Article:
Alice Evans, known as Miss Alice in her neighborhood, moved into her home on Sisson Avenue 30 years ago thinking that would be her one and only home.
Evans, 84, said a lot has changed since then, including the taxes on her home, which she says went from several hundred dollars to about $2,000. Then, she was hit with a code of violation.
“I said, 'I got a notice?' she says, 'this is for you, Miss Alice,'" she told 11Alive.
Those code violations were for overgrown plants, a crumbling retaining wall, rotten window sills and rotted eaves on her rooftop. All of which the 84 year-old said she couldn't afford to repair.
"When you get citations like this you have to look at going into a senior home, you can’t afford to buy these homes," Evans said. "It makes you feel real low, like I’m getting thrown out of my own house.”
The notice of those code violations came to her as brand new construction was being built around her.
"See, we have to accommodate them, but they don’t want to accommodate us, that means we want your property," she said, adding that she's been made offers to sell her home, but has no plans on letting go.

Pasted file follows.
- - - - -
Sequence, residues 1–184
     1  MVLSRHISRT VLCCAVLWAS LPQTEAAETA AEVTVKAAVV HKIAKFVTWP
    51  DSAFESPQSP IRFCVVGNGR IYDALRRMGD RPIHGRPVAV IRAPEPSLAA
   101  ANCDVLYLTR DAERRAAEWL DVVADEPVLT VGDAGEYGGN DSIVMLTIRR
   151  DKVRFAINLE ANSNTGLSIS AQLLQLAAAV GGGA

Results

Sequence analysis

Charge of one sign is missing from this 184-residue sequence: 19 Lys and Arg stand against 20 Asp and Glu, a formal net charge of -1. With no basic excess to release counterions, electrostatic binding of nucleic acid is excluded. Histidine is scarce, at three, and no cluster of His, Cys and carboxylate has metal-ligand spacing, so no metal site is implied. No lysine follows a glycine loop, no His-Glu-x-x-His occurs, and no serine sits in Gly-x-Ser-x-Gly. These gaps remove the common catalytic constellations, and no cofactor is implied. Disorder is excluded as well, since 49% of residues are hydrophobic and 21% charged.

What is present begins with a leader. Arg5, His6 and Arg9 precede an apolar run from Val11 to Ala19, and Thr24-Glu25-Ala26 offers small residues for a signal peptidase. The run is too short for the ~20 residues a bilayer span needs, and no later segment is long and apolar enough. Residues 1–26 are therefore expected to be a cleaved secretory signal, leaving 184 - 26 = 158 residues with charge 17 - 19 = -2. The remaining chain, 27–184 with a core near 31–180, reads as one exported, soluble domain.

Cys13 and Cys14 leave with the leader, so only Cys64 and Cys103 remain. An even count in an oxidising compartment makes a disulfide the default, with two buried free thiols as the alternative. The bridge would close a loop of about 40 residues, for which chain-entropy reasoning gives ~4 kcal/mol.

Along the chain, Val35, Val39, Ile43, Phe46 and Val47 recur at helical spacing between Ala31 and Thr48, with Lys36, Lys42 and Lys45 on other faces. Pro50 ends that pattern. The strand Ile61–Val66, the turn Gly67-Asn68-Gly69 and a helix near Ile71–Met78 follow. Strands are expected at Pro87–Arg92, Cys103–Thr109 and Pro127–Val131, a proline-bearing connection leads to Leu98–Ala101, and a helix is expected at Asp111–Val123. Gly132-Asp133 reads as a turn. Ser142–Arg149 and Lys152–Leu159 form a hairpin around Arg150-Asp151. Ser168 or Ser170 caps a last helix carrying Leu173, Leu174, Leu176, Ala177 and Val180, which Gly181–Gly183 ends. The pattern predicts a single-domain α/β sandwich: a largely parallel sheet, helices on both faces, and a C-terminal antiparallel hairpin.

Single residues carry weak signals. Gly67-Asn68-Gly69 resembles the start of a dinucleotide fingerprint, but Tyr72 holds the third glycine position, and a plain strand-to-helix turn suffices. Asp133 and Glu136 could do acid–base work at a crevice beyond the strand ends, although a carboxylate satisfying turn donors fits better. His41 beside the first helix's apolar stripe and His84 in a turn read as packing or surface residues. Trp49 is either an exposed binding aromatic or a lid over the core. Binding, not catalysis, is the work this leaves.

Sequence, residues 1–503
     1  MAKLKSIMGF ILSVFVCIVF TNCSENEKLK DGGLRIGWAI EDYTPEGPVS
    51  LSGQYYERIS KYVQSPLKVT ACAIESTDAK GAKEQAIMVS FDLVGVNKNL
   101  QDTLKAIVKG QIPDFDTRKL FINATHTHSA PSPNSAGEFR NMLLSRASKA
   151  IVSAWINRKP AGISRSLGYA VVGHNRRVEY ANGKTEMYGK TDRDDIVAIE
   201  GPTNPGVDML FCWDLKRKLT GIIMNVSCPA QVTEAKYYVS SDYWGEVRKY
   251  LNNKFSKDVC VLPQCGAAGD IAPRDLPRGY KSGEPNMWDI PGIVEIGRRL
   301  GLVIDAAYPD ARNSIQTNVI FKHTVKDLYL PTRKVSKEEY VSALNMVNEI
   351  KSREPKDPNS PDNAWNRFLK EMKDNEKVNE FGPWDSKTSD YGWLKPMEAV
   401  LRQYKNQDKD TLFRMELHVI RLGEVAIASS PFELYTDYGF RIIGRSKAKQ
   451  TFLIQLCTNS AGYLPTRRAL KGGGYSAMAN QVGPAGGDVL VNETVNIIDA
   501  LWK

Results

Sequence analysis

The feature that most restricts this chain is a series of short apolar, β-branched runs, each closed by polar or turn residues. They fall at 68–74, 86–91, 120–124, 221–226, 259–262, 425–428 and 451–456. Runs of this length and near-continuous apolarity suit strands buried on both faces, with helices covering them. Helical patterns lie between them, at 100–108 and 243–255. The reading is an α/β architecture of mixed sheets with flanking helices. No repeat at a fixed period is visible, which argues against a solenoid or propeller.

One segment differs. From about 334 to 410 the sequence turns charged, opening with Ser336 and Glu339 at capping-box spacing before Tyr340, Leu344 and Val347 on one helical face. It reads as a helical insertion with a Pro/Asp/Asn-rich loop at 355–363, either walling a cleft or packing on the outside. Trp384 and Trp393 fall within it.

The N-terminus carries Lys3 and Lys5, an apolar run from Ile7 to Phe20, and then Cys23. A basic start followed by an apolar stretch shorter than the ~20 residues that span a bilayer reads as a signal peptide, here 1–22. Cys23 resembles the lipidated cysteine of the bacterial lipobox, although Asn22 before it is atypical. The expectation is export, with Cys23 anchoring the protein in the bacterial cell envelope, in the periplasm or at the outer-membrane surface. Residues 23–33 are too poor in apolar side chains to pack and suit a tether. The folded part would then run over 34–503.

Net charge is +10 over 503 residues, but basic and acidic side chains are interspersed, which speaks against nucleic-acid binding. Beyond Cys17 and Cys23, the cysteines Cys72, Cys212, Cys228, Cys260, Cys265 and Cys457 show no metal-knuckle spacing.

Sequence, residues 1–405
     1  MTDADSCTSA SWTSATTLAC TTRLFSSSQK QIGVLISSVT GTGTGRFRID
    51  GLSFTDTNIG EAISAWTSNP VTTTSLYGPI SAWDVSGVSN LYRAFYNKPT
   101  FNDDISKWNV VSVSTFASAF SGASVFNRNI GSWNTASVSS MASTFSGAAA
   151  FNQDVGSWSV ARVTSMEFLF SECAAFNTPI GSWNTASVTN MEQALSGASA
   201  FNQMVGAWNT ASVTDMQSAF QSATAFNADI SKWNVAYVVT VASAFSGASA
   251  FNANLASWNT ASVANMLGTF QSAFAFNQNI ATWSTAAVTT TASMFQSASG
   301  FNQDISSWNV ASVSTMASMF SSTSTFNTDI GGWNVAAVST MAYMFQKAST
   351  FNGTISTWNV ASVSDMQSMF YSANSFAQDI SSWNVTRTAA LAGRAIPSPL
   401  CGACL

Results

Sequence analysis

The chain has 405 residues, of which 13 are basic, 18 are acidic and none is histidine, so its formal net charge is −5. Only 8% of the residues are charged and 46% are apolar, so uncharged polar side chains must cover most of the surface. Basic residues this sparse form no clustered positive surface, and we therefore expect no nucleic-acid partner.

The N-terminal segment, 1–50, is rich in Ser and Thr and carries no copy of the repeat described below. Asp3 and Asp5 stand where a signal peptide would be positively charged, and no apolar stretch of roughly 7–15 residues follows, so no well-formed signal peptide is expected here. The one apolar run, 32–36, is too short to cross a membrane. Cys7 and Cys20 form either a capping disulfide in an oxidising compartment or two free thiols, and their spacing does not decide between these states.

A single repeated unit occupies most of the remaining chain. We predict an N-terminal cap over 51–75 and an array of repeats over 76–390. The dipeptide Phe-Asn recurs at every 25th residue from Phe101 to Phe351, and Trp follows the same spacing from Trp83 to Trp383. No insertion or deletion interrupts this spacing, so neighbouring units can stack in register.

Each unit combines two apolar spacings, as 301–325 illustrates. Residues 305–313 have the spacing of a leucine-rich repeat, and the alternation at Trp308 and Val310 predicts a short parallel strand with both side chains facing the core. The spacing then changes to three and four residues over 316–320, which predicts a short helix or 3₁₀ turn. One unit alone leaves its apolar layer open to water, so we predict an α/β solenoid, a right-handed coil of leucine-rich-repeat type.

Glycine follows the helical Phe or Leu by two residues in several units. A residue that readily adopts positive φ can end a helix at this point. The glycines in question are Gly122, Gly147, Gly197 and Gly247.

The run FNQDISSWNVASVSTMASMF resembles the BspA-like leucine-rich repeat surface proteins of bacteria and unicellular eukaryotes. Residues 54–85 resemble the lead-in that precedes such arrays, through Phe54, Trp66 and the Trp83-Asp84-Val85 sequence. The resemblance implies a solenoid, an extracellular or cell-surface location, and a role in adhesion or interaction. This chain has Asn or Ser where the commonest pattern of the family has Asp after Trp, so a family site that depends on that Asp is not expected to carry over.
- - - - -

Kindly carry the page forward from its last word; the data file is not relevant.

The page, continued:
Kirkwood - like many in-town neighborhoods – is facing a wave of gentrification. Many longtime residents like Evans feel they are being pushed out.
"It makes you feel so unwanted, really, and as a taxpayer, you shouldn’t be feeling that way, for the city of Atlanta, a city to busy to hate," she said.
Unable to pay for those repairs, Kirkwood Cares, which started out as a committee of the Kirkwood neighbors organization – stepped in to help her.
"We put together volunteers and hired contractors and tackled all three of those issues," Justin Schaeffer said.
The non-profit was able to get Evans out of those code violations. It's something Kirkwood Cares has done for more than thirty neighbors.
"I’m glad there is still someone in the neighborhood that doesn’t say 'Ill be by later but they came, he came right away," she says.
Atlanta continues to battle an affordability issue. In a recent study by the Federal Reserve Bank of Philadelphia, Atlanta was named the nation's fourth fastest growing city.